December 17, 2003

 

 

Canadian Researchers Experimenting Reduction of Toxins in Swine Feed

 

There are several ways for hog producers to experiment for lower levels of mycotoxins that fusarium head blight causes in feed grain.

 

The mycotoxin of most concern is deoxynivalenol, or DON, which can have serious effects on the health and performance of swine.

 

One option is being studied at the Canada's University of Manitoba under the direction of Jim House, an associate professor in animal science. Research there shows that removing the outer hull of DON-infected barley can dramatically lower the levels of DON in the grain.

 

The university's research used a commercial pearler to remove the outer hull of barley kernels. The pearler is like a grindstone, rubbing away the hull while leaving the remainder of the kernel intact.

 

House said research indicates that by removing the hull using a pearler, the DON level in grain could be reduced by as much as 70%.

 

"It reduces the grain mass but brings a dramatic reduction in DON."

 

House said more research is needed to determine what nutrient value is lost in the process. That loss would have to be weighed against the potential to increase digestible energy in barley.

 

As well, he said, a study is needed to learn whether hull removal would be economical on a commercial scale where large volumes of barley are processed for hog feed.

 

While at Hog Days in Brandon December 3, House gave an overview of other options investigated by the research community to manage DON levels in grain.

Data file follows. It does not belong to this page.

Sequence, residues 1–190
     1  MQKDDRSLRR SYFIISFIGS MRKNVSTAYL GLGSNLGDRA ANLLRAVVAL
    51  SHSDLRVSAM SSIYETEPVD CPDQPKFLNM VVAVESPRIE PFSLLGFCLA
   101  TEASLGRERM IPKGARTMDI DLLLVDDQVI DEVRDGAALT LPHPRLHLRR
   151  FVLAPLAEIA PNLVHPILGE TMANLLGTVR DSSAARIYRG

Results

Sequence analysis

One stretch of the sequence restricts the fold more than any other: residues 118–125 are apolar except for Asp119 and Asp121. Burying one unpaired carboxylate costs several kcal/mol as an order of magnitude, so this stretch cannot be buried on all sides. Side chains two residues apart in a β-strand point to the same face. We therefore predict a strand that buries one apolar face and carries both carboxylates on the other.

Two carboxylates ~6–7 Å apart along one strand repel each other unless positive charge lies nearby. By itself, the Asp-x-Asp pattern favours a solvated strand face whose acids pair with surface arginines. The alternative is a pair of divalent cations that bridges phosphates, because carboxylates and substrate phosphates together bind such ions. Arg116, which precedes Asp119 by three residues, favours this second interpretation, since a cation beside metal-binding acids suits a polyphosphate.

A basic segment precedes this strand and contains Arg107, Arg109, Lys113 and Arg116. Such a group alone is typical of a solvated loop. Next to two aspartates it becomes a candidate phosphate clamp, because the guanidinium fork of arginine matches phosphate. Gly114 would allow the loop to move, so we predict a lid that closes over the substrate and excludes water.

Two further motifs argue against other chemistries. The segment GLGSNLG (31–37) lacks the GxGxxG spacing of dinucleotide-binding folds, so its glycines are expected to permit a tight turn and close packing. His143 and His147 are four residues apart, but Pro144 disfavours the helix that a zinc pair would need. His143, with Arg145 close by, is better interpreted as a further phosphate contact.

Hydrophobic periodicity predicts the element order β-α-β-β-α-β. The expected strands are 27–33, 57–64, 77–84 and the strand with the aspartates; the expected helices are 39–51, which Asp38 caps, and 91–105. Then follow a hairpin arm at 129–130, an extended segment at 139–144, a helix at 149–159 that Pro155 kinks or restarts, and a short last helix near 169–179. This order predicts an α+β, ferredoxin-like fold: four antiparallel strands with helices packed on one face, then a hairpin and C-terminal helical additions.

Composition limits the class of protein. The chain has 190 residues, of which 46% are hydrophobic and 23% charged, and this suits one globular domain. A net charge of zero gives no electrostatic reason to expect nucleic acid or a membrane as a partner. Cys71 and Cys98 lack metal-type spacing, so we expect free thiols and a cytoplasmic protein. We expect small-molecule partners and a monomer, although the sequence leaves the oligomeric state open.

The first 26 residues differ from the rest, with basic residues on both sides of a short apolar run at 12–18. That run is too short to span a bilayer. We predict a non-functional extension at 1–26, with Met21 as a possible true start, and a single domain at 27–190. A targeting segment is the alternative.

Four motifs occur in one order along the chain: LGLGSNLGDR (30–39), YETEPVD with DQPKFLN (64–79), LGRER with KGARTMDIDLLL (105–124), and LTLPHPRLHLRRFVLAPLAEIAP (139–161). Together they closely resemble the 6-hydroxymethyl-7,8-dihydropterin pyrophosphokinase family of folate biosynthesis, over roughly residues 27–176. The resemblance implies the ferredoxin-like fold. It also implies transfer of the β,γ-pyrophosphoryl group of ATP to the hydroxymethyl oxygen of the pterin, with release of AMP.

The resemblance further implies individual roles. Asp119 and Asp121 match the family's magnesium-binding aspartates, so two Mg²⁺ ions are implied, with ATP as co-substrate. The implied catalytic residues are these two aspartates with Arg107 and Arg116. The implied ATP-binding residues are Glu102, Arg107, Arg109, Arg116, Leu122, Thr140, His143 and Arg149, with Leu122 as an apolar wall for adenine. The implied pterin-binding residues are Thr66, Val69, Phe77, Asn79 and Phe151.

Sieving

 

Screens out smaller, damaged kernels caused by fusarium head blight.

However, it does not completely rid the grain of DON contamination since larger kernels also can carry the mycotoxin. A downside is that large volumes of grain may get screened out that have limited uses elsewhere.

 

Washing

 

DON is water soluble, so levels could be reduced by washing. However, if the grain then has to be dried for processing into a swine ration, it could be too expensive.

 

Biological controls

 

These include the use of microbes to convert DON into a form that would not be toxic to swine. The method has shown some effect, House said, but a lot more research is needed, including an examination of whether other toxins might result from the breakdown of DON.

 

Dietary fortification

 

Enzymes and protein could be added to offset reduced feed intake when hogs are fed grain infected with DON. The enzymes work inside a pig's digestive system to help break down feed, resulting in more nutrients taken up during digestion.

 

Flavouring

 

This attempts to mask DON in grain. House said a hog's aversion to grain infected with the mycotoxin seems to go beyond its sense of smell. The toxin appears to affect brain chemistry, which prompts the animal to shy away from infected feed.

 

Additives such as adsorbents

 

Adsorbents are included in the ration to bind with the mycotoxin so that it doesn't get absorbed into the animal's body. House said the research so far suggests that method is "not all that effective."

 

Sodium carbonate, heat and water

 

Heat treatments lower DON levels in infected grain. House said this treatment has to be done over time, which tends to make it unaffordable.